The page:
The future of my toe print is at stake!

Tuesday, November 14, 2017

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The Government of Jamaica is moving with speed to pass the National Identification and Registration Bill; however, many questions have arisen as to why the haste? Why the lack of broad-based consultation with the Church, civil society and neighbourhood groups to give information and hear the concerns of the citizen, especially since this Bill will have far-reaching consequences?

It is not good enough to say that we have been talking about this for decades so let's stop talking and pass the Bill now. That, to my mind, is arrogant. The Opposition senators last Friday, November 10, expressed their concerns about the Bill in its current form. They have raised some valid points which should cause the Government to slow down, consult, review, and then act.

What is the NIDS?

According to the Office of the Prime Minister's website, the National Identification System (NIDS) is a unique, reliable and secure way of verifying an individual's identity. It will establish a reliable database of all Jamaican citizens and will involve the issuance of a unique lifelong national identification number to every person.

Are we ready?

While the purpose of NIDS sounds good, I don't think the Jamaican Government is in a position to implement one of the most sensitive public systems of government since Independence. When the Government of Jamaica reforms the public sector to flourish and become efficient; when it is able to run a sensitive agency like the Firearm Licensing Authority with integrity, efficiency, and professionalism; when it can avoid false data from the Jamaica Constabulary Force to make a critical decision like selecting and implementing a zone of special operations anywhere across the island; and when information belonging to more than 14,000 Jamaican students from 16 local high schools can be prevented from being hacked then the Government of Jamaica can get my vote of confidence that it is ready to handle the planning, implementation, and sustainability of NIDS successfully.

Let me just say it, the present system is too corrupt, and over the decades, governments past and present have not demonstrated that they are serious about dealing with corruption in this nation — nobody gets convicted, but the man who steals ackee gets arrested and sent to prison.

Biometric data and the NIDS

You ought to be nervous and concerned when the Government of Jamaica wants your fingerprint, retina scan, vein pattern, footprint, toe print, palm print, blood type, any such thing. Once biometric data is captured it may flow between governmental and private sector users.

While supporters argue that biometric data are efficient tools to accurately identify people, fight crime, etc, biometrics are costly, prone to error, and present extreme risks to privacy and individual freedom. I have read the Bill from top to bottom and I am not convinced that such data will be adequately secured. The Bill merely promised that measures will be put in place to secure the data of citizens.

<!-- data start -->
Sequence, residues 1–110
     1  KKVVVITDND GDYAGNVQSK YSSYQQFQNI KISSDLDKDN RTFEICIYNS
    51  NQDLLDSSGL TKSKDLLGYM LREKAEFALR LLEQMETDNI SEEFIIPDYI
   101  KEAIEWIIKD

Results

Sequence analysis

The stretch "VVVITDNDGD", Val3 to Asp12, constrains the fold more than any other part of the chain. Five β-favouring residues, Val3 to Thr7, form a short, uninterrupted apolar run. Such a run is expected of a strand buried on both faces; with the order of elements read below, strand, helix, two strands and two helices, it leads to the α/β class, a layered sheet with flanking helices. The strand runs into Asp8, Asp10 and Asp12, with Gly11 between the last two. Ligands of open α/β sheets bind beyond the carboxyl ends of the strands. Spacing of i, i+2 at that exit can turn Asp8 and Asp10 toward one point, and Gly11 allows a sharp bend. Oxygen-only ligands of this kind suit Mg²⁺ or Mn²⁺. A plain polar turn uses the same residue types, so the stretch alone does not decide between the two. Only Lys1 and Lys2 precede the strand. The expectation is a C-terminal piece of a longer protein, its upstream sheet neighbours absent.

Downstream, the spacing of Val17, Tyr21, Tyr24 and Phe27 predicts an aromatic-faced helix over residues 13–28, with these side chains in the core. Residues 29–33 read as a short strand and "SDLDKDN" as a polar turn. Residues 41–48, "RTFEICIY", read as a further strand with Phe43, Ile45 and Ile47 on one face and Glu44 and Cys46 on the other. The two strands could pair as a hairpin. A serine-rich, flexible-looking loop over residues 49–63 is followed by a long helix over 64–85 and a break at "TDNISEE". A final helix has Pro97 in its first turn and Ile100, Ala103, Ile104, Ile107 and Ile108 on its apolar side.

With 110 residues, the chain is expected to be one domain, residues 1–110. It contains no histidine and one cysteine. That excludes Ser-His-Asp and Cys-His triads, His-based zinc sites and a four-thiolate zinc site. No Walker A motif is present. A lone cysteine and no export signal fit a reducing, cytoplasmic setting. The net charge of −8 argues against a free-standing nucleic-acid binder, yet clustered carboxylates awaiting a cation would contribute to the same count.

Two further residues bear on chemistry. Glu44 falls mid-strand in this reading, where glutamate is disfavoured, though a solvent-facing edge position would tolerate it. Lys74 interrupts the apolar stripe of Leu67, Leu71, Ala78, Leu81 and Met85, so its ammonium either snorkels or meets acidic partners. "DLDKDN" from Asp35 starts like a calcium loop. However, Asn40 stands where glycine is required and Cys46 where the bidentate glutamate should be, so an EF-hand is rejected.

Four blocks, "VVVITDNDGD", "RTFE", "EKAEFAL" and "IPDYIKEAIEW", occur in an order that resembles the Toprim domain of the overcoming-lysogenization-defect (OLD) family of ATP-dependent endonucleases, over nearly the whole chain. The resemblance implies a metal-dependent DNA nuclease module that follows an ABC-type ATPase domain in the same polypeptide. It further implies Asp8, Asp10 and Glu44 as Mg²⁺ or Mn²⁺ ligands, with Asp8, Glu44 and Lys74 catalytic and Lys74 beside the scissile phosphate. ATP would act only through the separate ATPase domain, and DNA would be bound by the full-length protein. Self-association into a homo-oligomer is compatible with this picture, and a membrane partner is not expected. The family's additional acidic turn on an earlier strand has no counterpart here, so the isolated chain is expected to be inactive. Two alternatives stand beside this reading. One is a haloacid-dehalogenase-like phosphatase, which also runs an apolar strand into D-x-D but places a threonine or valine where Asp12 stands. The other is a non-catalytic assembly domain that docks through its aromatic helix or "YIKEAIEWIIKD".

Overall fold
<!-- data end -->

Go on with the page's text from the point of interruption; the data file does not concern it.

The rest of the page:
Arguments in support of biometrics rest on the flawed assumption that these NIDS schemes prevent identity fraud. Yet identity and authentication systems based on biometrics are weak because, once these indicators are compromised, they cannot be re-issued like signatures or passwords. You cannot change your fingerprints or your irises if an imposter is using this data.

Up to five per cent of national ID cards are lost, stolen or damaged each year in some parts of the world. Aggregated personal information invites security breaches, and large biometrics databases are a honey pot of sensitive data vulnerable to exploitation from biometric scammers and hackers. Identity thieves can also exploit other identifying information linked to stolen biometric data. Those at the mercy of these databases are often unable to verify their security or determine who has access to them. Does the Government have the wherewithal to prevent your data and my data from being compromised or stolen? I am not so sure.

Mandatory national ID

Mandatory national ID cards violate essential civil liberties. They increase the power of authorities to reduce freedoms to those granted the card. If a NIDS card is required for employment you could be fired and your employer fined if you fail to present your papers. People without NIDS cards can be denied the right to purchase property, open a bank account, or receive government benefits and access services.

National identity systems present difficult choices about who can request to see a NIDS data and for what purpose. Mandatory NIDS significantly expand police powers. Police with the authority to demand NIDS cards will invariably be granted the power to detain people who cannot produce one. Where are the legal safeguards to prevent abuse of this power by the police?

Senator Kamina Johnson-Smith, Leader of Government Business in the Senate, I am asking you,please, Madam, kindly slow down and take counsel. The haste is not what is required, what is needed is a comprehensive education programme and broad-based consultations. The future of my toe print is at stake!

Henry J Lewis is a lecturer at the University of Technology, Jamaica, School of Humanities and Social Sciences. Send comments to the Observer or




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